Peanut allergy is one of the most common food allergies. Peanuts can cause a severe, potentially fatal, allergic reaction (anaphylaxis). Therefore it is advised that people with peanut allergy have quick access to an epinephrine auto-injector (such as an EpiPen®, Auvi-Q or Adrenaclic) at all times.
Allergy to peanuts appears to be on the rise in children. According to a FARE-funded study, the number of children in the U.S. with peanut allergy more than tripled between 1997 and 2008.1 Studies in the United Kingdom and Canada also showed a high prevalence of peanut allergy in schoolchildren.
Peanut allergies tend to be lifelong, although studies indicate that approximately 20 percent of children with peanut allergy do eventually outgrow their allergy. Younger siblings of children allergic to peanuts may be at increased risk for allergy to peanuts. Your doctor can provide guidance about testing for siblings. Trace amounts of peanut can cause an allergic reaction. Casual contact with peanuts, such as touching peanuts or peanut butter residue, is less likely to trigger a severe reaction. Casual contact becomes a concern if the area that comes into contact with peanuts then comes into contact with the eyes, nose or mouth (for example, a child with peanut allergy gets peanut butter on her fingers, and then rubs her eyes).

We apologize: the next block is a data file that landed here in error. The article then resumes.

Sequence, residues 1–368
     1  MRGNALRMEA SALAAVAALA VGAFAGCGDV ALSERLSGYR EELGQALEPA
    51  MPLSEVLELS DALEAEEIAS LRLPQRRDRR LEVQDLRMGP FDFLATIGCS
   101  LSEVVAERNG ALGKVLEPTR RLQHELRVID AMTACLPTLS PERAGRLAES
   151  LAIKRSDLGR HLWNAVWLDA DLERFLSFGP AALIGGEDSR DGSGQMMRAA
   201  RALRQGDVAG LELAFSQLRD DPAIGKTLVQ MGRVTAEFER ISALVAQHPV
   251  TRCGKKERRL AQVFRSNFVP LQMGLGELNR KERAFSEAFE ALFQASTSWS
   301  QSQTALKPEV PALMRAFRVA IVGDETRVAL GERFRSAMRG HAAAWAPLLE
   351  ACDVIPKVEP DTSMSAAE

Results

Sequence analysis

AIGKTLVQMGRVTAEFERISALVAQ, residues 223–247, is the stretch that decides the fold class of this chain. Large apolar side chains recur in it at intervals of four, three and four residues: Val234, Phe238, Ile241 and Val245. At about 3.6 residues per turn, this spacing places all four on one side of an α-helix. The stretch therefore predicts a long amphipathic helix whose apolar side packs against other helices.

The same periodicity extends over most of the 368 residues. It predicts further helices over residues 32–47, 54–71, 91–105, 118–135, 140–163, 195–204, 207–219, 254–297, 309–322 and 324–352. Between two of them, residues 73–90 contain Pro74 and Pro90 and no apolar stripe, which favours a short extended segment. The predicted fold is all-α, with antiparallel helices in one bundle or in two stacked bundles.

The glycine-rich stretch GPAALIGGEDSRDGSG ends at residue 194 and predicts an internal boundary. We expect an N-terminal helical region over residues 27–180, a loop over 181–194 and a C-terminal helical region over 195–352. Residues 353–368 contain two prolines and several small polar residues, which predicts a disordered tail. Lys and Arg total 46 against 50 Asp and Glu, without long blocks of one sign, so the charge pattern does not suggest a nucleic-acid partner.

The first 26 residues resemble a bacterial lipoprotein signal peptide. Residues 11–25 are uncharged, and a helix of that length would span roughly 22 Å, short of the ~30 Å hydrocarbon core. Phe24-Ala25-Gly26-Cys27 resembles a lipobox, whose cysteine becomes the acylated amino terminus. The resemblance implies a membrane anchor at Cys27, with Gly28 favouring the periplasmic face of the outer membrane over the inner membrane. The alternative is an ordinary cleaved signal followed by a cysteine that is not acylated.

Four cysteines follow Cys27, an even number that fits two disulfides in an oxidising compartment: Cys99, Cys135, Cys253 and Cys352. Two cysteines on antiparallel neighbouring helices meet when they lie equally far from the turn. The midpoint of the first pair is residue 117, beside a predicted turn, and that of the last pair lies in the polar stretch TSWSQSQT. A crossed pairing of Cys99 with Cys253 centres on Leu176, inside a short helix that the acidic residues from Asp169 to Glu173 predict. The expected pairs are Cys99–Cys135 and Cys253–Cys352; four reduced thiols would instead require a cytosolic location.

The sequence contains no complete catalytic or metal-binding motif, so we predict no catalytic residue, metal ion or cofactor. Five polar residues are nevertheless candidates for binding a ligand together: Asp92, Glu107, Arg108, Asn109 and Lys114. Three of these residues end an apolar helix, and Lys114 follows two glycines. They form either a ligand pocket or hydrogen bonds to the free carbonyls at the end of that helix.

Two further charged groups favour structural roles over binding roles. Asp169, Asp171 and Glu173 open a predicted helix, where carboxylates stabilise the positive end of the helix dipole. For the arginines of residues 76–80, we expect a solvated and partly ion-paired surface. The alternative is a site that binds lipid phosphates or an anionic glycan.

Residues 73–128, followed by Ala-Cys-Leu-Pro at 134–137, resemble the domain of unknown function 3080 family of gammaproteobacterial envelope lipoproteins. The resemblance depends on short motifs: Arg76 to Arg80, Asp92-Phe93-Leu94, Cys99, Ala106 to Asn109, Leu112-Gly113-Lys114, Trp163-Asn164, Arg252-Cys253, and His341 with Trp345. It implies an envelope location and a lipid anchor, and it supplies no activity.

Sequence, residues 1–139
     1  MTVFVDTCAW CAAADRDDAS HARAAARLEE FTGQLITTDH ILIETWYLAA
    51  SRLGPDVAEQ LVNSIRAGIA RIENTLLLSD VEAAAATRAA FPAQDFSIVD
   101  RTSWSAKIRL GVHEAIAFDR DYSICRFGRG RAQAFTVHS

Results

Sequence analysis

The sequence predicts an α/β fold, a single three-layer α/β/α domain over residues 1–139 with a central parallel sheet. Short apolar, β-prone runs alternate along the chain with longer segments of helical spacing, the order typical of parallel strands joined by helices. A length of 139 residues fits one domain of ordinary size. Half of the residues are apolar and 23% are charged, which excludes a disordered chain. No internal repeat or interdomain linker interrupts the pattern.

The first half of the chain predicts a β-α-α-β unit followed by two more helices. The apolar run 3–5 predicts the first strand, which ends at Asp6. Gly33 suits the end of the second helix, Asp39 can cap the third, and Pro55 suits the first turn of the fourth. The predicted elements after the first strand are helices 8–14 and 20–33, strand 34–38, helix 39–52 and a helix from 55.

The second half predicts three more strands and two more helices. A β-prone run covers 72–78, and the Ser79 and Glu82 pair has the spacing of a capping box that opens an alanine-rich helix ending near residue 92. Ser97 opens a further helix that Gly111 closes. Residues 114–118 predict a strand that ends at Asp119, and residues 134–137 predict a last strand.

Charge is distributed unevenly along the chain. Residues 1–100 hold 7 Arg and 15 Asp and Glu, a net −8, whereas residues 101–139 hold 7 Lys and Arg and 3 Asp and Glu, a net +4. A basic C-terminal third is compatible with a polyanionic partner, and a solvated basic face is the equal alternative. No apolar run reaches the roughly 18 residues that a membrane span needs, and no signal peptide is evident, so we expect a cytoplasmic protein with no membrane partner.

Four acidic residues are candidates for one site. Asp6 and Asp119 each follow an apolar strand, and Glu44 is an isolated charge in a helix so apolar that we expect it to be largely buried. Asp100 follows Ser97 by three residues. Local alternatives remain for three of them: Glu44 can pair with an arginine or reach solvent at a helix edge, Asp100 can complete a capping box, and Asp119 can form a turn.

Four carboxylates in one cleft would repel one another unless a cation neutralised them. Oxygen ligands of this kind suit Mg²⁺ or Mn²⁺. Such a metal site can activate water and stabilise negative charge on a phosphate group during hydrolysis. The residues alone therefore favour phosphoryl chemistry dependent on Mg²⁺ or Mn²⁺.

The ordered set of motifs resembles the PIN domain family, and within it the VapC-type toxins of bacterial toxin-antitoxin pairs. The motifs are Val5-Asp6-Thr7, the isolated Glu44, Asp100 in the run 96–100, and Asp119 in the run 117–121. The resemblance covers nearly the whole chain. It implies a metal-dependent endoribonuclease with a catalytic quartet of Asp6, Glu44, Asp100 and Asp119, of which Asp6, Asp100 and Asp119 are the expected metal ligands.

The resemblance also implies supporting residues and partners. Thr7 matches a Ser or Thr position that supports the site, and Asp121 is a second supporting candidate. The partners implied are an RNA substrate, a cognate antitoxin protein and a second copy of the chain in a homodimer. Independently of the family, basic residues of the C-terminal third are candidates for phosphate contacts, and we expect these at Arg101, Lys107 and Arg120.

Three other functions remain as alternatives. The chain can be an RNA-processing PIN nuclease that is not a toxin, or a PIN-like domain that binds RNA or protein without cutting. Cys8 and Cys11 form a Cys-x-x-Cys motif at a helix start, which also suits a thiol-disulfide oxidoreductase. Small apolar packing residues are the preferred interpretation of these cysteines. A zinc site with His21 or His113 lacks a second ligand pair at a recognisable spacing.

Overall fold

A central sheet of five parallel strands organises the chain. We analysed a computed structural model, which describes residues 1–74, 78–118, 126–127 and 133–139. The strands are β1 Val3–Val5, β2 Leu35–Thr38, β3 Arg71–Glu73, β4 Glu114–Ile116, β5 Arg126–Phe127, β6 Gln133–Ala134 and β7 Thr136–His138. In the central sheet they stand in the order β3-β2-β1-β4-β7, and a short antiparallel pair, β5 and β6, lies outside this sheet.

Recent studies have shown an estimated 25-40 percent of people who have peanut allergy also are allergic to tree nuts.2 In addition, peanuts and tree nuts often come into contact with one another during manufacturing and serving processes. For these reasons, allergists usually tell their patients with peanut allergy to avoid tree nuts as well.
Read all labels carefully.Ingredients in packaged food products may change without warning, so check ingredient statements carefully every time you shop. If you have questions, call the manufacturer.
Peanut – Food Allergy Research & Education. (n.d.). Retrieved June 20, 2016, from https://www.foodallergy.org/allergens/peanut-allergy